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Review from Las Vegas

American Idols Live: Archuleta Wins the Night

“…It appeared to this witness that the walkaway winner of the evening was 17-year-old David Archuleta. Sure, he was the runner-up on the actual show that spawned this concert and its 53-show tour (Vegas was stop #4). But Archuleta brought his A-game (or some other sports cliche) and proved he’s on course to be a musical star in the long term…”

– Joe Brown, Las Vegas Sun, July 5, 2008

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Praise from the Praiseworthy

“You know this most recent ‘American Idol’ singer-David Archuleta? He’s sensational. He’s got gorgeous, gorgeous natural talent.

– Barbara Cook, Windy City Times, June 2008

Some of you may be aware of this comment, but I wonder if most of you realize how significant it is. Barbara Cook has a been a luminary in that rare cross-section of classical, pop, and Broadway vocalists for going on four decades. She is often referred to as “the singer’s singer.” Her own voice is an immensely expressive lyric soprano, not to everyone’s taste (including my own), but she is also revered today as a one of the world’s most sought-after vocal coaches.

According to a 2002 New York Times article on her famous master classes, Ms. Cook began working with voice students in the late 1970’s, shortly after she began her second life as a cabaret and concert singer following a spectacular career on Broadway. These days, Ms. Cook is as revered for her performances–many critics marvel that her voice at nearly eighty is better than ever–as she is for her teaching.

Her lessons are called master classes because she doesn’t delve into the technical details of singing such as breath control, sound production, or tonality, as much as she focuses on the importance of emotional transparency. Indeed, she is known for challenging singers to relinquish technique, to dispense with the very notion of performing altogether, in order to create a connection between the heart of the material, the heart of the artist, and the hearts of the audience.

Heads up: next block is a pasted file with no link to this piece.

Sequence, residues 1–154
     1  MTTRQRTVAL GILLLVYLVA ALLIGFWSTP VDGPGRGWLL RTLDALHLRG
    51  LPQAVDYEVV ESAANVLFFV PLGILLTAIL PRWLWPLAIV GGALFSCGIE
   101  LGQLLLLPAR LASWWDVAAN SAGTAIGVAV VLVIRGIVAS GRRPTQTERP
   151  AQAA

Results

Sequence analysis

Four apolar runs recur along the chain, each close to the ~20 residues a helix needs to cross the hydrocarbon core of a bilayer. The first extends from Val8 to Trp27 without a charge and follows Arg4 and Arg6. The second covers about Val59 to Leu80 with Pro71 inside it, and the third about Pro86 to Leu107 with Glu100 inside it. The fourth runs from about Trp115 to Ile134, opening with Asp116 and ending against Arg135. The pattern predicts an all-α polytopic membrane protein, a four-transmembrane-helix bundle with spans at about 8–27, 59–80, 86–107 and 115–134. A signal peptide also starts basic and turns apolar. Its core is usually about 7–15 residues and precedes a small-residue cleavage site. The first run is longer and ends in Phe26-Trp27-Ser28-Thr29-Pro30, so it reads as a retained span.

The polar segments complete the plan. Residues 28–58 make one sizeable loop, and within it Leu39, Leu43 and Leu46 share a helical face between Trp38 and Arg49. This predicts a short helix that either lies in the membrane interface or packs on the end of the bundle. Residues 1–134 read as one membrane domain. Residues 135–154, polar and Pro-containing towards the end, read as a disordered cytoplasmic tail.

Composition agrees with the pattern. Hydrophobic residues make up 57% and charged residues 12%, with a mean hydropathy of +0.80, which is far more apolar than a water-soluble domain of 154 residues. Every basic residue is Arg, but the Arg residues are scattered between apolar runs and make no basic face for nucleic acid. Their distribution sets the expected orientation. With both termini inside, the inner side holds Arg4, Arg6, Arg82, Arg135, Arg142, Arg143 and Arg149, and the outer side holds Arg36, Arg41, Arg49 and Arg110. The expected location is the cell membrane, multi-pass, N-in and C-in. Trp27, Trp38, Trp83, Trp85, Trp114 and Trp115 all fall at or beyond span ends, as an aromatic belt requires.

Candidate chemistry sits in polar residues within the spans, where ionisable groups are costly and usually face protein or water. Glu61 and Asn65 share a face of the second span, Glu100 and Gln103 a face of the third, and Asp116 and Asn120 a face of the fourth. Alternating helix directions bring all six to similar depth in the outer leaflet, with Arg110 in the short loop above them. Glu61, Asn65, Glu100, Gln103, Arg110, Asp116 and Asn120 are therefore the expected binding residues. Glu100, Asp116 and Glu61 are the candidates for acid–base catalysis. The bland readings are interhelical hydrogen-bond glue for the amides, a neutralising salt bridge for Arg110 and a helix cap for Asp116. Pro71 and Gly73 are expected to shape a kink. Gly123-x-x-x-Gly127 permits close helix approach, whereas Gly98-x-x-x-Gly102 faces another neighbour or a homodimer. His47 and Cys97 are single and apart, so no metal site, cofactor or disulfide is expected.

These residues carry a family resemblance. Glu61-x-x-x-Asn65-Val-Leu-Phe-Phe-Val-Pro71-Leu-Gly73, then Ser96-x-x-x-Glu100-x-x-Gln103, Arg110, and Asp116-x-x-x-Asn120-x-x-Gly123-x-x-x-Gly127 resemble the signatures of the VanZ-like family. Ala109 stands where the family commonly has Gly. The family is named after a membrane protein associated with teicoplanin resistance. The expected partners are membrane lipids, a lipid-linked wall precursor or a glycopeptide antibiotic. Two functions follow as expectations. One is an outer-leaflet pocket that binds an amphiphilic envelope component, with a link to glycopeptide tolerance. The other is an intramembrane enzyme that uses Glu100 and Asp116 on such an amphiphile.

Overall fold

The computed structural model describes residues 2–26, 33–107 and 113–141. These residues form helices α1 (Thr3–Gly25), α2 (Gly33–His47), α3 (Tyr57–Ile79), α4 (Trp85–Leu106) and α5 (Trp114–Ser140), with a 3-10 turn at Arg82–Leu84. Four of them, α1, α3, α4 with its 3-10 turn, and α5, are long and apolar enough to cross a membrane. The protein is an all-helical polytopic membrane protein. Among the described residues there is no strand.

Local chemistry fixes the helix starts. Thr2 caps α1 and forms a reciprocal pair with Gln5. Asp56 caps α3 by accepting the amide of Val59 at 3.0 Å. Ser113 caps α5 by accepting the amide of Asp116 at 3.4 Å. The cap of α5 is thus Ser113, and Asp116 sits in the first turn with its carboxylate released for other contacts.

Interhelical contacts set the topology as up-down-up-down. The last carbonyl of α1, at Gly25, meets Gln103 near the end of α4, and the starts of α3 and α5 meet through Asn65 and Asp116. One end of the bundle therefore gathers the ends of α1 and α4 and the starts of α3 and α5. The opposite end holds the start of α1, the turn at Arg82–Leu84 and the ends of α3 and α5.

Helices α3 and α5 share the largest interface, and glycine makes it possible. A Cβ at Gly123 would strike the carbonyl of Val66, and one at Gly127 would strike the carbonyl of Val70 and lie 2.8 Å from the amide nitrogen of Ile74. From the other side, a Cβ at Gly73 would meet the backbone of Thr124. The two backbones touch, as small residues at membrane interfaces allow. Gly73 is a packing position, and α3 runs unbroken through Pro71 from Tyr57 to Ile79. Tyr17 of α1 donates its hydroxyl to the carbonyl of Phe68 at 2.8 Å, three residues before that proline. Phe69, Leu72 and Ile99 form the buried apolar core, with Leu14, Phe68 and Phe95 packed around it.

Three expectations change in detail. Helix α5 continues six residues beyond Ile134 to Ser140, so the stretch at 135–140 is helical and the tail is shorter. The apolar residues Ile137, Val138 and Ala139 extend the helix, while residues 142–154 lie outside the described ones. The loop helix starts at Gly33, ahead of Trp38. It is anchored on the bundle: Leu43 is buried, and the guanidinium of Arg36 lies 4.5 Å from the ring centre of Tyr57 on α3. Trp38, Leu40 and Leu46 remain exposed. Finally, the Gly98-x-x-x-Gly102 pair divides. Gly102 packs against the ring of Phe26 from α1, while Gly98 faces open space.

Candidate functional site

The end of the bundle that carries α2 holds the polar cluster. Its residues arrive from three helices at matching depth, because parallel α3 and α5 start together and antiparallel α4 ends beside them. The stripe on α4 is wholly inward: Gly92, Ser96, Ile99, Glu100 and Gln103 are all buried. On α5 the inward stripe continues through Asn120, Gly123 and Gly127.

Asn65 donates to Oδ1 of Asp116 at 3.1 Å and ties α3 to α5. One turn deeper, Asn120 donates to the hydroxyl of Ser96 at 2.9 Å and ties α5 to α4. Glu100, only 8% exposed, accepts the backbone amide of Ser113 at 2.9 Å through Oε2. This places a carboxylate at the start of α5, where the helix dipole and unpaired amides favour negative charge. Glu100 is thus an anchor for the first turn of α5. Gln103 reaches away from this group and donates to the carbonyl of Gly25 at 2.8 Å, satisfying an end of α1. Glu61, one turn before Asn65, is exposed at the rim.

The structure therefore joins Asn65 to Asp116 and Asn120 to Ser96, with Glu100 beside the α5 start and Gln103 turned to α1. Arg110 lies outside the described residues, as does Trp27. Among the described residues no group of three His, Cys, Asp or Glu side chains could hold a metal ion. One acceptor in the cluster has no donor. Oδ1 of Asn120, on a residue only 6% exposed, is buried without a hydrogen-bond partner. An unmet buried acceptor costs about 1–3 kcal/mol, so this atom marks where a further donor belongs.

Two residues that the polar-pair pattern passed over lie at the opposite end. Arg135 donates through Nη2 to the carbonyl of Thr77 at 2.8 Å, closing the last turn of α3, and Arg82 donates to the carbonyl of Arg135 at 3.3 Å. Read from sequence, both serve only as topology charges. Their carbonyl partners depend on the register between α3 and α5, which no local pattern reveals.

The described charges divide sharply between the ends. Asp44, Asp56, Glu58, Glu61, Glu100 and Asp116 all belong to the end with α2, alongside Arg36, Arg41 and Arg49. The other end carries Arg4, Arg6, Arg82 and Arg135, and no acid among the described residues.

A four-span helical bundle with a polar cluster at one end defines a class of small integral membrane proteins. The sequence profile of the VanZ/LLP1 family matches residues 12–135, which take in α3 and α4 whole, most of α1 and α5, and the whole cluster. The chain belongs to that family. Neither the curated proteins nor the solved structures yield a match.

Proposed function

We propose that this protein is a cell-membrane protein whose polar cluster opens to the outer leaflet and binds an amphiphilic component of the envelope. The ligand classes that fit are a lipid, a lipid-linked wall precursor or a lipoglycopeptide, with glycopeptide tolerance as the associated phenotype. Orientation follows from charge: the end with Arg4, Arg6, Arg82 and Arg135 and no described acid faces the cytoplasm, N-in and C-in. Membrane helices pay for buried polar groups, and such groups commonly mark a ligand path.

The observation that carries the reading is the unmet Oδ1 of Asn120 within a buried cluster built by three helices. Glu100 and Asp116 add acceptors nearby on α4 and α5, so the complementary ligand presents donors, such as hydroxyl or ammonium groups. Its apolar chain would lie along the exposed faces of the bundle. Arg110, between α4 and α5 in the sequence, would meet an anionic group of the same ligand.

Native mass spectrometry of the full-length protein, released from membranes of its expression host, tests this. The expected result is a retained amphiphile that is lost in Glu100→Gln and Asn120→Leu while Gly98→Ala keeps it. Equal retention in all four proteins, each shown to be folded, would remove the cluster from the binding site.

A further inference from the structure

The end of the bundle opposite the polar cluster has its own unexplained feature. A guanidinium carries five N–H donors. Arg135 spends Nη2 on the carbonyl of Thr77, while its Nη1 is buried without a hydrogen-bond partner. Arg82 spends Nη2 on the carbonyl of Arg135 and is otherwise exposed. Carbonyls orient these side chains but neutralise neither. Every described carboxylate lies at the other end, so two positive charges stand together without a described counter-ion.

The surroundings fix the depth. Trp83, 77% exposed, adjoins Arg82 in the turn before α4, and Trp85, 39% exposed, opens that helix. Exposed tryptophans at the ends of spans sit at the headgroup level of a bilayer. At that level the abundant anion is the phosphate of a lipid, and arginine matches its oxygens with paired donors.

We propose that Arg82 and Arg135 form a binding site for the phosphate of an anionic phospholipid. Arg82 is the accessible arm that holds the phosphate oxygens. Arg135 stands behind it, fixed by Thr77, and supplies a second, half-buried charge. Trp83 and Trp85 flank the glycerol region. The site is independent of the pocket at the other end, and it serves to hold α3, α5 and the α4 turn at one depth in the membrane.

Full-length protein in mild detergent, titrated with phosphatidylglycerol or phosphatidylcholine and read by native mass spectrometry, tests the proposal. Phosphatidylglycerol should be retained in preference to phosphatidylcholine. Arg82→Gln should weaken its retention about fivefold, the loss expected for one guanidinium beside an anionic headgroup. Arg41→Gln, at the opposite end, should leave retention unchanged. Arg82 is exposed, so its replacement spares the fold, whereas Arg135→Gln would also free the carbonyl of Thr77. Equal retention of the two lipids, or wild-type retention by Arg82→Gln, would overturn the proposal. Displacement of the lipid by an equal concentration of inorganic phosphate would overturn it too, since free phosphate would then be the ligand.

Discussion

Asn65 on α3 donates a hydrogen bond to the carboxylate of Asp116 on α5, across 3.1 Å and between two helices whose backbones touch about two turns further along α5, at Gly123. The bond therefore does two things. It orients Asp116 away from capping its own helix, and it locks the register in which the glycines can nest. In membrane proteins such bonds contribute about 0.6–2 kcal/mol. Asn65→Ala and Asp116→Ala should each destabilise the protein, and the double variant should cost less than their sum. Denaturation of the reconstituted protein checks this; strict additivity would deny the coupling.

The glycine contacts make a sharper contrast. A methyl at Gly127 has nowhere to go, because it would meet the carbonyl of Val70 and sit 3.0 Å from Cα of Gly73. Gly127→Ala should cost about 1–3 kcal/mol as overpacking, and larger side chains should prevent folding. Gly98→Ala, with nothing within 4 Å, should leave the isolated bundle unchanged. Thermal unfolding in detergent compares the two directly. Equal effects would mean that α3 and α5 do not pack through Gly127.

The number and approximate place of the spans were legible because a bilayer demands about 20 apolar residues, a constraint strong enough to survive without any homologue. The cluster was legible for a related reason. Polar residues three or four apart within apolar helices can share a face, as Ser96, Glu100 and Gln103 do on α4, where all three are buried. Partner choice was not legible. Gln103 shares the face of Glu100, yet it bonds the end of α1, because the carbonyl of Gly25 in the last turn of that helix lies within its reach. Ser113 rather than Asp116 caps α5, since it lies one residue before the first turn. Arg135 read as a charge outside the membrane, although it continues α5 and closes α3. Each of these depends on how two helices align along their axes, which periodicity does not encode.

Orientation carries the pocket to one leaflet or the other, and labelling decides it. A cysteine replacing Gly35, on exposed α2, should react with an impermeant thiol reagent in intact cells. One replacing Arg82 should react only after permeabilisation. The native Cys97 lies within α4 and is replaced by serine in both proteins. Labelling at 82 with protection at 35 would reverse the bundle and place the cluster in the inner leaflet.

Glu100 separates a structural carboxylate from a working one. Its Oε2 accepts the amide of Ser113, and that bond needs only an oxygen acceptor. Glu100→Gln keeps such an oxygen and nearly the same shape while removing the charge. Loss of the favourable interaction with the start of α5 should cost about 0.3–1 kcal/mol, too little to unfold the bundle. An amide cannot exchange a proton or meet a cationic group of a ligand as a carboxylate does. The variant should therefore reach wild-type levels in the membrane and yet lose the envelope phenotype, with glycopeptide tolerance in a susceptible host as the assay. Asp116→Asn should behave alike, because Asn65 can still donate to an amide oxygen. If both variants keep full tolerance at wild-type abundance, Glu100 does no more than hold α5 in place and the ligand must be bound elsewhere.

No wonder she loves David.

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Subversive Nature

Several weeks ago while listening to Studio 360 I was reminded of one of my comments during the AI show season, an observation that despite the easy assumptions about David’s apparently genteel, straitlaced conformity, he was in fact the real rebel of the bunch. “Originality is the true iconoclast,” I had written,  “and indeed the only value that has the potential to really change the game, if not the world.”

The public radio show was profiling a project entitled Edible Estates by the the L.A. based artist and architect Fritz Haeg. On the surface the project is about remaking the conventional American front lawn into artistic arrangements of organic produce. Haeg has been installing his gardens since 2005, and always with as much help as he can get from the local community and especially children. In addition to some of the more obvious principles underlying the effort, Haeg expressed his view that there was something actually quite provocative, even radical, in the seemingly innocent effort.

“I’m really very interested in the contrast between taking something … almost kind of ‘grandma,’ like a vegetable garden, and making it provocative.”

“I don’t think it’s interesting anymore to be provocative with violence and sex and all of those things that we don’t respond to anymore because we see them so much. I think there are more subversive ways to be provocative. Today it seems like it’s with knitting and gardening and things like that, that go against our media-centric and highly commercialized society.”

This struck me as another very real dimension of David’s status as a cultural rebel. It’s also one of the reasons he isn’t right for, and isn’t likely to align himself with, the likes of Disney, which represents not the modern, provocative nature of gentle integrity but the less enlightened, old-school version of propriety that gave rise to the very hyper-maniucured lawns that Fritz Haeg is seeking to till.